And of course if you are intending to sell your corpus, it is extremely advisable to get permission. To quote Kilgarriff (2002): "Copyright law is in general about the case where someone makes money from selling intellectual property: if you are going to sell a corpus, the issues need taking very seriously, as people will be upset by you making money out of selling their text (unless you give them a share)."
Degrees of necessity
The following table attempts to summarise some of the points discussed above, though it must stressed that this "guide" is to a large extent speculative and should not be followed blindly, and that the legal situation varies from country to country. But if the circumstances surrounding your corpus project conform mainly to the criteria in the left column of the table you might consider not bothering with the time-consuming effort of requesting permission - and keeping track of permission granted - whereas if it scores hits in the right hand column of the table, you should be on your guard.
Kilgarriff maintains that "to be unequivocally, completely, totally in the clear you need to get copyright clearance from all copyright holders", although he does go on to say that "the law is in its infancy and there is very little which is obviously right or wrong/legal or illegal" and reveals a more cavalier attitude when he continues that if it is only for in-house use, then one simple issue is "who will ever know?".
Use it and lose it
A number of translator-trainers (e.g. Varantola 2003; Zanettin 2002) have reported on the use of student-compiled "ad hoc"corpora (also referred to as "virtual", "DIY" or "disposable" corpora) in their courses.
Fig 3: KWIC display for the search pattern do-it-* generated by WordSmith Tools
But why do such corpora need to be disposable? Couldn't they be open-ended collections - constantly added-to, updated and revised - and perhaps even pooled amongst the students in a group? Or do some translator-trainers think that "ad hoc"corpora are somehow exempt from the copyright laws? If so, I suspect they are mistaken - compiling a corpus on a "use it and lose it" basis is not a way of getting around the copyright laws, though it does reduce the risk of getting caught.
Requesting permission to use texts in a corpus can be a time-consuming process. Not only do you have to keep careful track of from whom you have requested and been granted permission, but also careful care needs to be given to composing your letters in such a way that the recipients will bother to reply: the letter shouldn't be too long but the recipient should obviously understand the nature of your project.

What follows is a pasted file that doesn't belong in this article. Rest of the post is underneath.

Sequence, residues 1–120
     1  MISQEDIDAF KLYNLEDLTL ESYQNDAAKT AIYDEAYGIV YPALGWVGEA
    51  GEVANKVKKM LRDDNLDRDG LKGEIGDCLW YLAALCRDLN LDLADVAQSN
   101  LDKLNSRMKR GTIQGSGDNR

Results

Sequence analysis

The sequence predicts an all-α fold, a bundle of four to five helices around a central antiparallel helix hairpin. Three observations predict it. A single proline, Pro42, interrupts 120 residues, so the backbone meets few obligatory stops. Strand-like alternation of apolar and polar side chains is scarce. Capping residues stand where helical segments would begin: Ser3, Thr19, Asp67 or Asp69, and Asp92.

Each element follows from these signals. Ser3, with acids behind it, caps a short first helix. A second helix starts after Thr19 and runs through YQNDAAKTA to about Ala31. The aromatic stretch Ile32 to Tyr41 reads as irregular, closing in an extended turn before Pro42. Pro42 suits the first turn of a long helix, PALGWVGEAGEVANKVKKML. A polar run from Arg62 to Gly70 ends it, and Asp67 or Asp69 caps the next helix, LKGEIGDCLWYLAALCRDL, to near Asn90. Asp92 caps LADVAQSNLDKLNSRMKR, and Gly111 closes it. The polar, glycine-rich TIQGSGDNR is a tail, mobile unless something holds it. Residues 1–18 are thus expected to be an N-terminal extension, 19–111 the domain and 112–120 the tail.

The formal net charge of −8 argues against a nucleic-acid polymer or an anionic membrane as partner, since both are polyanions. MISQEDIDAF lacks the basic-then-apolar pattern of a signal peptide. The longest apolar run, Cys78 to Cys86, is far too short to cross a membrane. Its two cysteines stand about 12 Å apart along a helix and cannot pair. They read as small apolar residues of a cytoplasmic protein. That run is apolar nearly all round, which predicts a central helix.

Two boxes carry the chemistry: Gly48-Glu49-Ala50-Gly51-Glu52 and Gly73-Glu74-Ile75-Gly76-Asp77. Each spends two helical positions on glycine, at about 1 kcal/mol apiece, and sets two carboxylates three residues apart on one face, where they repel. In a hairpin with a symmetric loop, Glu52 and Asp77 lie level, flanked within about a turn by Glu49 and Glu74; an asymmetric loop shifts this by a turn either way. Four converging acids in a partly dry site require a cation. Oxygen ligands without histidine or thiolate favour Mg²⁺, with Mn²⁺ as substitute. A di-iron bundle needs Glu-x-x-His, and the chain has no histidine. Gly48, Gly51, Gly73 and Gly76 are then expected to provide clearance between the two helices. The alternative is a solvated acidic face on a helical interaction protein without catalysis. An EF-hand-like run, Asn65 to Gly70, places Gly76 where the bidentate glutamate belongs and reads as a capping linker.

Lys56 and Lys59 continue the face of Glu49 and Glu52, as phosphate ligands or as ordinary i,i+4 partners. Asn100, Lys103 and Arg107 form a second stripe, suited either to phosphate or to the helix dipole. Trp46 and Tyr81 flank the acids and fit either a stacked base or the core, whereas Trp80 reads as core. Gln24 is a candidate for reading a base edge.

A number of teachers and researchers have expressed their irritation at the time-consuming need to seek permission before using texts in corpora. For example Cooper (2003) expresses his concern at suggestions that it is necessary or even advisable to obtain permissions, and possibly pay compensation, before using texts in such a way, and points out that although this may be a consistent position for corpus developers who are also publishers, it may unnecessarily discourage researchers in other environments.
Cooper, Doug (2003). In Corpora List Archive "Legal aspects of corpora compiling". Online at http://torvald.aksis.uib.no/corpora/2003-1/0596.html
Davies, Mark (2002). In Corpora List Archive "Legal aspects of corpora compiling". Online at http://torvald.aksis.uib.no/corpora/2002-4/0016.html
Hilton, James (2001). "Copyright Assumptions and Challenges" EDUCAUSE Review 36/6 November/December, pp 48-55. Online at http://www.educause.edu/ir/library/pdf/erm0163.pdf
Kilgarriff, Adam (2002). In Corpora List Archive "Legal aspects of corpora compiling". Online at http://torvald.aksis.uib.no/corpora/2002-3/0253.html
McEnery, Tony, Richard Xiao & Yukio Tono (2006). Corpus-Based Language Studies: an advanced resource book. London: Routledge.
Scott, Mike (2004). WordSmith Tools version 4, Oxford University Press.
Varantola, Krista (2003). "Translators and Disposable Corpora" in Zanettin, F., Bernardini S. and Stewart D.(eds.) Corpora in Translator Education Manchester: St Jerome, pp 55-70.
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Improve Translation Quality", in Translation Journal,
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Michael (2005b). "Discovering Translation Equivalents
in a Tourism Corpus by Means of Fuzzy Searching",
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Michael (2006). "Compiling Corpora for use as Translation
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Frederico (2002). "DIY Corpora: The WWW and the
Translator" In Maia, Belinda / Haller, Jonathan